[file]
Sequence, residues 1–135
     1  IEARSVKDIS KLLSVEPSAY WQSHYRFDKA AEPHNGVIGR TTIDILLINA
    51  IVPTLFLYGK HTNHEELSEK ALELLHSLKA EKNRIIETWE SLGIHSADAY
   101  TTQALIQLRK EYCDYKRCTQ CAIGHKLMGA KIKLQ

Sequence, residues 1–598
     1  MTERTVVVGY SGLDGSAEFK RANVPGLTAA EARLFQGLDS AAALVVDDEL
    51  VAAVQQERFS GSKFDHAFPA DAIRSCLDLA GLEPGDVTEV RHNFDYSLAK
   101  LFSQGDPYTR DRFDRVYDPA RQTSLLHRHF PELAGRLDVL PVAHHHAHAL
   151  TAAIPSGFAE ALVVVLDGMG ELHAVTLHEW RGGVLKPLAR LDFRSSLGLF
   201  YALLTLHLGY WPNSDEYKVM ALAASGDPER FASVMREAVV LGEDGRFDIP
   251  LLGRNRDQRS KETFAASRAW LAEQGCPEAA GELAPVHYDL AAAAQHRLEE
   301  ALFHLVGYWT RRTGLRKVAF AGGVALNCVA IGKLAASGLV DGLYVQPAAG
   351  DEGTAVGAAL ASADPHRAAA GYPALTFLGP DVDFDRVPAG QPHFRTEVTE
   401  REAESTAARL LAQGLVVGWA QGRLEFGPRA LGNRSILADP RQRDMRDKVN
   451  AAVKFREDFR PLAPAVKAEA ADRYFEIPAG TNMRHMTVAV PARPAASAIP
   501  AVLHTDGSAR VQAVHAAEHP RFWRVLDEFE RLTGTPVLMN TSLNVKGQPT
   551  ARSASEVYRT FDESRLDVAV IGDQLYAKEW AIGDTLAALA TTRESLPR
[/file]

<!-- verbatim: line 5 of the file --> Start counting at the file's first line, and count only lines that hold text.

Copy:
Sequence, residues 1–598